What does lick mean?

Definitions for lick

This dictionary definitions page includes all the possible meanings, example usage and translations of the word lick.

Princeton's WordNet

  1. salt lick, licknoun

    a salt deposit that animals regularly lick

  2. lick, lapnoun

    touching with the tongue

    "the dog's laps were warm and wet"

  3. punch, clout, poke, lick, biff, slugverb

    (boxing) a blow with the fist

    "I gave him a clout on his nose"

  4. cream, bat, clobber, drub, thrash, lickverb

    beat thoroughly and conclusively in a competition or fight

    "We licked the other team on Sunday!"

  5. lick, lapverb

    pass the tongue over

    "the dog licked her hand"

  6. solve, work out, figure out, puzzle out, lick, workverb

    find the solution to (a problem or question) or understand the meaning of

    "did you solve the problem?"; "Work out your problems with the boss"; "this unpleasant situation isn't going to work itself out"; "did you get it?"; "Did you get my meaning?"; "He could not work the math problem"

  7. lap, lap up, lickverb

    take up with the tongue

    "The cat lapped up the milk"; "the cub licked the milk from its mother's breast"


  1. licknoun

    The act of licking.

    The cat gave its fur a lick.

  2. licknoun

    The amount of some substance obtainable with a single lick.

    Give me a lick of ice cream.

  3. licknoun

    A place where animals lick minerals from the ground.

    The birds gathered at the clay lick.

  4. licknoun

    A small watercourse or ephemeral stream. It ranks between a rill and a stream.

    We used to play in the lick.

  5. licknoun

    A stroke or blow.

    Hit that wedge a good lick with the sledgehammer.

  6. licknoun

    A bit.

  7. licknoun

    A short motif.

    There are some really good blues licks in this solo.

  8. licknoun

    speed. In this sense it is always qualified by good, or fair or a similar adjective.

    The bus was travelling at a good lick when it swerved and left the road.

  9. lickverb

    To stroke with the tongue.

    The cat licked its fur.

  10. lickverb

    To defeat decisively, particularly in a fight.

    My dad can lick your dad.

  11. lickverb

    To overcome.

    I think I can lick this.

  12. lickverb

    To perform cunnilingus.

  13. lickverb

    To do anything partially.

  14. lickverb

    To lap

  15. Etymology: liccian, from likkōnan (compare East Frisian likje, Dutch likken, German lecken), from leiǵʰ- (compare Old Irish ligid, Latin lingo, liggurio, Lithuanian liẽžti, Old Church Slavonic лизати, Ancient Greek λείχω, Old Armenian լիզեմ, Persian لیسیدن, Sanskrit लेढि, रेढि).

Samuel Johnson's Dictionary

  1. Licknoun

    A blow; rough usage: a low word.

    Etymology: from the verb.

    He turned upon me as round as a chafed boar, and gave me a lick across the face. Dryden.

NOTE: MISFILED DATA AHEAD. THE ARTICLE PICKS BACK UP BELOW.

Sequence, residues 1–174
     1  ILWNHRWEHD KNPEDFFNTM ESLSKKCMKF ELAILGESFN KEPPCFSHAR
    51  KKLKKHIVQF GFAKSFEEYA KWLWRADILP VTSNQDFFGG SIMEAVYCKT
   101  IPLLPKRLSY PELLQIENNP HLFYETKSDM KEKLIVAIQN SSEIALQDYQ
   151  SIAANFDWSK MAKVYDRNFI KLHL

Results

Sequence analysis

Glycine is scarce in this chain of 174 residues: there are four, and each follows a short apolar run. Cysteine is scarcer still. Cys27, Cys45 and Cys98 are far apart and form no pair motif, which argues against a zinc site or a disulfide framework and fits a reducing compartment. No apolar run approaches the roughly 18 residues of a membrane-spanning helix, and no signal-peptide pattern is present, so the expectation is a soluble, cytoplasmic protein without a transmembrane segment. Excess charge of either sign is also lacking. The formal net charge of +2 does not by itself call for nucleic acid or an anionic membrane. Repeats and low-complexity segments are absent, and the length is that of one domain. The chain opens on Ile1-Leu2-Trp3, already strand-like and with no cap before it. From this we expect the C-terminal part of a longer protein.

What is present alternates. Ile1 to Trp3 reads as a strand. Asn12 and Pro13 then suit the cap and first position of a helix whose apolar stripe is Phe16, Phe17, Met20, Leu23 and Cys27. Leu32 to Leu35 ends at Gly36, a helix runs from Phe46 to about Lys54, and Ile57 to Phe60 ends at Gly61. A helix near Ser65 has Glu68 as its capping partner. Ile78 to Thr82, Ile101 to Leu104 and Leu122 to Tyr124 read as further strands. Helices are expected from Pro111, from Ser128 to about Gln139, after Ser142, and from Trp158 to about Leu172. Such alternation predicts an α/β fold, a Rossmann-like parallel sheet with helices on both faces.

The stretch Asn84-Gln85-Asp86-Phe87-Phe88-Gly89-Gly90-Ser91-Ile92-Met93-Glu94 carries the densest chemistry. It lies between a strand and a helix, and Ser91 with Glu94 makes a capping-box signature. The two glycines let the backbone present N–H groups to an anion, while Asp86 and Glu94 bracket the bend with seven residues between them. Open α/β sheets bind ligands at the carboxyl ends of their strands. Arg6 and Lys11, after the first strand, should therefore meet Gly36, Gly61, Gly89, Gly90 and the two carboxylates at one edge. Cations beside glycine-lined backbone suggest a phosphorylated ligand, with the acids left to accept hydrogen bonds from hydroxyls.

2. To Lickverb

    Etymology: licean , Saxon; lecken, Dutch.

    Æsculapius went about with a dog and a she-goat, both which he used much in his cures; the first for licking all ulcered wounds, and the goat’s milk for the diseases of the stomach and lungs. William Temple.

    A bear’s a savage beast;
    Whelp’d without form, until the dam
    Has lick’d it into shape and frame. Hudibras, p. i.

    He with his tepid rays the rose renews,
    And licks the drooping leaves, and dries the dews. Dryden.

    I have seen an antiquary lick an old coin, among other trials, to distinguish the age of it by its taste. Addison.

    At once pluck out
    The multitudinous tongue; let them not lick
    The sweet which is their poison. William Shakespeare, Coriolanus.

    Now shall this company lick up all that are round about us, as the ox licketh up the grass. Numb. xxii. 4.

    When luxury has lick’d up all thy pelf,
    Curs’d by thy neighbours, thy trustees, thyself:
    Think how posterity will treat thy name. Alexander Pope, Horace.


  1. Lick

    Lick is a song by American funk/soul singer Joi, It was written by Joi Gilliam, Sleepy Brown, Rico Wade, Brandon Bennett, Raymon Ameer Murrey and produced by Joi for her third studio album Star Kitty's Revenge and later appeared in the film xXx and its soundtrack. Becoming an instant cult favorite courtesy of the film, this remains Gilliam's most successful single to date. A music video was never shot due to Gilliam parting ways with the music label and joining then fellow Lucy Pearl band mate Raphael Saadiq's Pookie Entertainment label at the time of its success. The song would later be sampled in rapper Gucci Mane's 2007 hit single "Freaky Gurl".


  1. lick

    A lick is a short musical phrase or figure that can be repeated or combined to create melodies or solos in a piece of music. It is often a distinctive, memorable, and instantly recognizable part of a song or musical composition.